References
 1.UA1 Collaboration, G. Arnison et al., Hadronic jet production at the CERN proton  antiproton collider. Phys. Lett. B 132, 214 (1983)ADSCrossRefGoogle Scholar
 2.A. Buckley et al., Generalpurpose event generators for LHC physics. Phys. Rep. 504, 145–233 (2011). arXiv:1101.2599 [hepph]ADSCrossRefGoogle Scholar
 3.UA1 Collaboration, G. Arnison et al., Transverse energy distributions in the central calorimeters. in Proceedings, 21st International Conference on High Energy Physics (ICHEP 1982), 1982. http://alice.cern.ch/format/showfull?sysnb=0050334
 4.UA1 Collaboration, G. Arnison et al., Some observations on the first events seen at the CERN protonantiproton collider. Phys. Lett. B 107, 320–324 (1981). [Erratum: Phys. Lett. 109B, 510(1982)]Google Scholar
 5.UA1 Collaboration, G. Arnison et al., Charged particle multiplicity distributions in proton antiproton collisions at 540 GeV centerofmass energy. Phys. Lett. B 123, 108 (1983)ADSCrossRefGoogle Scholar
 6.UA1 Collaboration, C. Albajar et al., Production of low transverse energy clusters in antip p collisions at \(\sqrt{s} = \) 0.2 TeV to 0.9 TeV and their interpretation in terms of QCD jets. Nucl. Phys. B 309, 405 (1988)ADSCrossRefGoogle Scholar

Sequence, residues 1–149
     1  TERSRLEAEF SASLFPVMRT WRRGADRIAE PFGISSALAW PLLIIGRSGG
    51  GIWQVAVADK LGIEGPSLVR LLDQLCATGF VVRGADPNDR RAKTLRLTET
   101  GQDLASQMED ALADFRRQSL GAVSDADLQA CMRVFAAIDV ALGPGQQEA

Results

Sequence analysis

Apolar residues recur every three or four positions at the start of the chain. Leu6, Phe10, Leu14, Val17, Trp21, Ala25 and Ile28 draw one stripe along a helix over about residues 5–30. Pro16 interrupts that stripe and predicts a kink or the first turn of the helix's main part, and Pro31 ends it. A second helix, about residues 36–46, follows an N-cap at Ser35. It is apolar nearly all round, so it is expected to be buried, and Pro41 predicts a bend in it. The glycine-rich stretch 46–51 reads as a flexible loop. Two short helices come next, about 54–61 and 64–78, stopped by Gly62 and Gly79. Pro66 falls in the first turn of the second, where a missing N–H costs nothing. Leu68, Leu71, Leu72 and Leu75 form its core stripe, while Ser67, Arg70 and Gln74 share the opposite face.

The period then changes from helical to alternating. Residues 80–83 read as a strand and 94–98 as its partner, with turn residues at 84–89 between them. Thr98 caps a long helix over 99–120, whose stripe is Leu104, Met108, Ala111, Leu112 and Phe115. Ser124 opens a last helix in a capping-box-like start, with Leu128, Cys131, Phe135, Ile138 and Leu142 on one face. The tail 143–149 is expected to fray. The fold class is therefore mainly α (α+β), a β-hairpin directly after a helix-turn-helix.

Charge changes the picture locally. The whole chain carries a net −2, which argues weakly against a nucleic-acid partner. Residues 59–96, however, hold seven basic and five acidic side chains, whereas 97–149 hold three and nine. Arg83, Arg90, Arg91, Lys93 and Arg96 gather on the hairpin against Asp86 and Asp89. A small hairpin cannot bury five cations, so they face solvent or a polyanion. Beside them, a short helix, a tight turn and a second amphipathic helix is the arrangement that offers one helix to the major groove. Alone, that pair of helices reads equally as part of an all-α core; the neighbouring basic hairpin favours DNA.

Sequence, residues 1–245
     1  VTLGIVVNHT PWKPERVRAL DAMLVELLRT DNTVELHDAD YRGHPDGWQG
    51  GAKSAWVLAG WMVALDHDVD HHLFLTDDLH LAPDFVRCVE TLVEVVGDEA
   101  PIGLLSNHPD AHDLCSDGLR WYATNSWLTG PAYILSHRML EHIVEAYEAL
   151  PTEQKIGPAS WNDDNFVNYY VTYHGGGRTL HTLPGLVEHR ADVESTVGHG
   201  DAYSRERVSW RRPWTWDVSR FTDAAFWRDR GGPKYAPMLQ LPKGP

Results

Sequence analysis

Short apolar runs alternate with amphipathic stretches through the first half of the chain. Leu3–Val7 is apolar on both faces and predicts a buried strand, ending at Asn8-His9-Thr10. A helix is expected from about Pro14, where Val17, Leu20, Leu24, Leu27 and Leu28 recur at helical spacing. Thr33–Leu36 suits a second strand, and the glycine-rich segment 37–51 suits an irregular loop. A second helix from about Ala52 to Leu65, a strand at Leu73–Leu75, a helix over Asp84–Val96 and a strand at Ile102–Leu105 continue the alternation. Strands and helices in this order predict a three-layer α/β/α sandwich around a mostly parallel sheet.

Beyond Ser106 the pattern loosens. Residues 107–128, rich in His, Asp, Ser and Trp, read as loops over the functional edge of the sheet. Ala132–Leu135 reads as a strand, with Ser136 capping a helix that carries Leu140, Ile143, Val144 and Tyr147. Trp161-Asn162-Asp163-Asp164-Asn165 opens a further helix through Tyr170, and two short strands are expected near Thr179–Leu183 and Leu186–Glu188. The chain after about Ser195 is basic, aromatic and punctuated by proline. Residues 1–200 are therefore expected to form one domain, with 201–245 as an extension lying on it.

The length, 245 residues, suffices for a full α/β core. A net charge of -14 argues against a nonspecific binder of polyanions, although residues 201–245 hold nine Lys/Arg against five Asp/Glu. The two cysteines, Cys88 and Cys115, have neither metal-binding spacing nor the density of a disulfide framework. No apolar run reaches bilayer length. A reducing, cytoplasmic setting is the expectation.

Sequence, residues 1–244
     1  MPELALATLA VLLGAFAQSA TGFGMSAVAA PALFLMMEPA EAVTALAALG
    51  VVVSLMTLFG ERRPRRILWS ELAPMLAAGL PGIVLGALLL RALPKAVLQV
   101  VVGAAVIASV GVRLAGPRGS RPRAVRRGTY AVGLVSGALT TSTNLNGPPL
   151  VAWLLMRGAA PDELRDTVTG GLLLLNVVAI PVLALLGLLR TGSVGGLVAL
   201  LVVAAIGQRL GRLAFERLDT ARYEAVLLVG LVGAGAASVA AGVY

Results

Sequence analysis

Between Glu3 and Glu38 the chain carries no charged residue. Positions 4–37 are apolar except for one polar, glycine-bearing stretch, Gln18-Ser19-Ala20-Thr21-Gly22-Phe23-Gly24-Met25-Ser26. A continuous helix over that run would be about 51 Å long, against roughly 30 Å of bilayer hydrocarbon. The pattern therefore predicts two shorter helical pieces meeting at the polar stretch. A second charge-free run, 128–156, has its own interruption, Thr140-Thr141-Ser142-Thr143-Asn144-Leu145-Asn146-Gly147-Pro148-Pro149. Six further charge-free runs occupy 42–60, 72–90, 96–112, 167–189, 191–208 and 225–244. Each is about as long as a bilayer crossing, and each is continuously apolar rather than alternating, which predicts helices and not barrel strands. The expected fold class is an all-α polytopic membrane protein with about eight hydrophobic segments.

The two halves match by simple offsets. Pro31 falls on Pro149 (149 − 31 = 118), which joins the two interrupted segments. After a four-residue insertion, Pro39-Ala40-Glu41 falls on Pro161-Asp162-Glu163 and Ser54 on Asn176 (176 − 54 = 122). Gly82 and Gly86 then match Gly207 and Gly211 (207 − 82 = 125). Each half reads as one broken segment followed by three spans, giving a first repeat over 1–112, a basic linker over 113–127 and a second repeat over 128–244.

7.STAR Collaboration, H. Caines, Exploring jet properties in pp collisions at 200 GeV with STAR. Nucl. Phys. A 830, 263C–266C (2009). arXiv:0907.3460 [nuclex]
 8.STAR Collaboration, H. Caines, Jet and underlying event measurements in p + p collisions at RHIC. Nucl. Phys. A 855, 376–379 (2011)Google Scholar
 9.CDF Collaboration, T. Affolder et al., Charged jet evolution and the underlying event in \(p\bar{p}\) collisions at 1.8 TeV. Phys. Rev. D 65, 092002 (2002)Google Scholar
 10.CDF Collaboration, D. Acosta et al., The underlying event in hard interactions at the Tevatron \(\bar{p}p\) collider. Phys. Rev. D 70, 072002 (2004). arXiv:hepex/0404004 [hepex]
 11.CDF Collaboration, T. Aaltonen et al., Studying the underlying event in drellyan and high transverse momentum jet production at the tevatron. Phys. Rev. D 82, 034001 (2010). arXiv:1003.3146 [hepex]
 12.CDF Collaboration, T. Aaltonen et al., A study of the energy dependence of the underlying event in protonantiproton collisions. arXiv:1508.05340 [hepex]
 13.CMS Collaboration, V. Khachatryan et al., First measurement of the underlying event activity at the LHC with \(\sqrt{s} = 0.9\) TeV. Eur. Phys. J. C 70, 555–572 (2010). arXiv:1006.2083 [hepex]